In the highlands of the ‘teardrop island’, Helen Anderson follows a perfect brew on its journey from field to fine china cup.
There’s a gentle knock on my door and Janaka the butler delivers bed tea: a wooden tray lined with a white paper doily and carrying a fine white china cup and saucer, a six-cup pot of BOP No. 14 (broken orange pekoe), perfectly brewed and strained, jugs of hot and cold milk, and a bowl of large-grain white sugar.
By the time I’ve sipped two cups in my pyjamas, the tea pluckers have started work on the terraces surrounding Tientsin, the 1888 tea-planter’s bungalow in which I’ve woken in a four-poster bed. In a job that requires dexterity and stamina, the pluckers – all women wrapped in saris -fill sacks with leafy tips, each of which must be precisely two leaves and a bud.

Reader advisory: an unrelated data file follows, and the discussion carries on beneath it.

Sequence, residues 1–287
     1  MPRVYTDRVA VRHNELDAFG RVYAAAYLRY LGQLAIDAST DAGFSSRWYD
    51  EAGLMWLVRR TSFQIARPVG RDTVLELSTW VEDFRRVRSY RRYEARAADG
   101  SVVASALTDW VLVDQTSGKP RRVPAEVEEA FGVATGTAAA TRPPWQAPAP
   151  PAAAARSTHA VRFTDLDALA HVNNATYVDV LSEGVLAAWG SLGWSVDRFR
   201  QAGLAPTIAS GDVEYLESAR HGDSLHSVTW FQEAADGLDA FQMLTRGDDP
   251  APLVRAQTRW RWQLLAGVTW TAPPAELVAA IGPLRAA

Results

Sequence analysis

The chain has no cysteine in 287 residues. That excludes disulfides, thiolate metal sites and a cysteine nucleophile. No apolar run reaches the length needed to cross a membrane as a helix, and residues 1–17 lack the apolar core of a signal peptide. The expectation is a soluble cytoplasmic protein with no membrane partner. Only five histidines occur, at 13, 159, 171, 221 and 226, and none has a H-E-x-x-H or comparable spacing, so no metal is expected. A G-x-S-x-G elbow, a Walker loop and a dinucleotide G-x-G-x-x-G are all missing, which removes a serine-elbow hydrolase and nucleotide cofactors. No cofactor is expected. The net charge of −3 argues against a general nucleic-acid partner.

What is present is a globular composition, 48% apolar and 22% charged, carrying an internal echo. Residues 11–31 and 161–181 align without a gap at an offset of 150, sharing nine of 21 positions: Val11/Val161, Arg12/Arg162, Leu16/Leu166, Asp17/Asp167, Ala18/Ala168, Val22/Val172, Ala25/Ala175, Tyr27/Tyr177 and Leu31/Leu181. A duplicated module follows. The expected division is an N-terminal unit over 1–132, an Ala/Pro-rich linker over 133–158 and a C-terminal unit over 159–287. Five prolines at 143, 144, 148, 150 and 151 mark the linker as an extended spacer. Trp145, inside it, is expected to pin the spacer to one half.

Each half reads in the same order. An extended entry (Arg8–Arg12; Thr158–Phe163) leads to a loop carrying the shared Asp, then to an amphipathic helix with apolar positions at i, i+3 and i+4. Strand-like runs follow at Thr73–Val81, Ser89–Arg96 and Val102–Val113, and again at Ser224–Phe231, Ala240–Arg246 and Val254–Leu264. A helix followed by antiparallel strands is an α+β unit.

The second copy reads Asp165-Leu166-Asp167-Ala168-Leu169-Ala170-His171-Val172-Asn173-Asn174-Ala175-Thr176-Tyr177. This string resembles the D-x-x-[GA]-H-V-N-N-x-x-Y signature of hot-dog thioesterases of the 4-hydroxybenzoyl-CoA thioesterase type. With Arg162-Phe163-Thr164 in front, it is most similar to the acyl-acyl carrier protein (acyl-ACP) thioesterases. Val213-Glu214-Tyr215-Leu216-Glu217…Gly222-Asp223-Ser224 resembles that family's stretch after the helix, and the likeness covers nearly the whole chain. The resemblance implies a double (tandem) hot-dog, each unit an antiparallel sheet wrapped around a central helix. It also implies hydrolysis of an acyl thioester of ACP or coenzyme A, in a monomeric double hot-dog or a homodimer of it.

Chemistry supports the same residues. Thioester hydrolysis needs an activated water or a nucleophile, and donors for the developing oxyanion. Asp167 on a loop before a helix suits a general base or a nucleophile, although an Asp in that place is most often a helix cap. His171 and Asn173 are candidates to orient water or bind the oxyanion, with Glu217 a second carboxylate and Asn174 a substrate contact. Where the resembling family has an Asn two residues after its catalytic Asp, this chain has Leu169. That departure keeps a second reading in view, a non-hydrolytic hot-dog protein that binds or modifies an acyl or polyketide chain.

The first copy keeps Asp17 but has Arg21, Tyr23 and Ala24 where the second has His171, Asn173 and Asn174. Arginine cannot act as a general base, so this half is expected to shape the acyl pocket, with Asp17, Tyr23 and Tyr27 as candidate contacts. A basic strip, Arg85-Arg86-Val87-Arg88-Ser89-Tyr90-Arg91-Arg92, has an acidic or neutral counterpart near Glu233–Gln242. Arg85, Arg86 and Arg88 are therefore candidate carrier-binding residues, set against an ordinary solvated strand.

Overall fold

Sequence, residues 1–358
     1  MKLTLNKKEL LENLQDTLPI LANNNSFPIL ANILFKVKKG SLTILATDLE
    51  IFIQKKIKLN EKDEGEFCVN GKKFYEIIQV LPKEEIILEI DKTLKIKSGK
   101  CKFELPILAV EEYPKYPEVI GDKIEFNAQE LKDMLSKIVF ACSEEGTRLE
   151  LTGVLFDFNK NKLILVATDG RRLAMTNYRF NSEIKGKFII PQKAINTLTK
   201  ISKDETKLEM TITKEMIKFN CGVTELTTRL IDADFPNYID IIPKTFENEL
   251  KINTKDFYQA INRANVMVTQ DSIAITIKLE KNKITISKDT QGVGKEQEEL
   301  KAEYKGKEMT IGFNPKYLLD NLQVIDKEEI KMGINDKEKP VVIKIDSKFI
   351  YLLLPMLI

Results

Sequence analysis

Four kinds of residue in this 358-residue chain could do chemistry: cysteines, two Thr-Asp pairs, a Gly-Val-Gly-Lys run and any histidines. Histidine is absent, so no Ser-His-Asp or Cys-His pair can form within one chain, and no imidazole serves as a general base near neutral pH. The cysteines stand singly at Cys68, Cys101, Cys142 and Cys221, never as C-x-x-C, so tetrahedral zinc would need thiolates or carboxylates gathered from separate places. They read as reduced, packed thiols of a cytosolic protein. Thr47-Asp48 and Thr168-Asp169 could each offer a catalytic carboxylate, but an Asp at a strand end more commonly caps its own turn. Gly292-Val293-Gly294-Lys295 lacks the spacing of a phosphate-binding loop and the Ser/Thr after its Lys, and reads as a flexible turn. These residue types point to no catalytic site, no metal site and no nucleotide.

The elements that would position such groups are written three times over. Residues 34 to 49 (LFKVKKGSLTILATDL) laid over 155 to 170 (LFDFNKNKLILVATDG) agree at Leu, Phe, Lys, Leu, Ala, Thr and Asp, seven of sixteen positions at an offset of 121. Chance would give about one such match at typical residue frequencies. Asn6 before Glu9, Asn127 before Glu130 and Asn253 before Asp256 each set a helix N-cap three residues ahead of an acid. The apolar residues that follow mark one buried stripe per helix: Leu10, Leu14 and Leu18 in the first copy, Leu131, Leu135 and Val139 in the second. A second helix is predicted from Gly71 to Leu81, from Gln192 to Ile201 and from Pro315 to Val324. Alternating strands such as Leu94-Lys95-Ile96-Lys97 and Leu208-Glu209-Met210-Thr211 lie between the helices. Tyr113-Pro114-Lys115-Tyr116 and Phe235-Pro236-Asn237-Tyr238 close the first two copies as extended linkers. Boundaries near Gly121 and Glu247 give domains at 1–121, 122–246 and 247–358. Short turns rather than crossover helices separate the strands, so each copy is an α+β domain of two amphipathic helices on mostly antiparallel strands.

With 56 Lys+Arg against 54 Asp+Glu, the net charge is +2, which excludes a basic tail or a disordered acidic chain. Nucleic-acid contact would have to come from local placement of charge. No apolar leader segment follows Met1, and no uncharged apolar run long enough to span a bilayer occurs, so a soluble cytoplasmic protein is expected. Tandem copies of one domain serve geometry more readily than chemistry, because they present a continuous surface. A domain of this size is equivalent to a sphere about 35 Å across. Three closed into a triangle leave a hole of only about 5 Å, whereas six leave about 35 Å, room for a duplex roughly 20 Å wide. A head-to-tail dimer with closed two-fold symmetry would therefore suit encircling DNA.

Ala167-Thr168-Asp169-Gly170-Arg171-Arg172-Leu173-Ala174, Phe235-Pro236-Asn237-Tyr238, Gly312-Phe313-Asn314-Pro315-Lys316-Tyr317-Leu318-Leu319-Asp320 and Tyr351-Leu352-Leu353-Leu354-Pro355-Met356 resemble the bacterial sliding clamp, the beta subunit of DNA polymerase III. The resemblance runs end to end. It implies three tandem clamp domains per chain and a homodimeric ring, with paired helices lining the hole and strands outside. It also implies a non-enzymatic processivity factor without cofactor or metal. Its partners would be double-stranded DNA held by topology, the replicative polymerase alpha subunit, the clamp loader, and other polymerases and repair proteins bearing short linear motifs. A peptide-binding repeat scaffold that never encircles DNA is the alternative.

Every day begins this way at Ceylon Tea Trails in the central highlands of Sri Lanka. Owned by the Dilmah tea company, the venture comprises four historic bungalows on working tea estates linked by walking trails and each staffed by a team of butlers and chefs. This is one of the finest of a clutch of high-end boutique travelling experiences in the “teardrop island”, combining the nation’s two most important revenue sources: tea and tourism. Read more: Taste test at high tea – The Age Melbourne Oct 12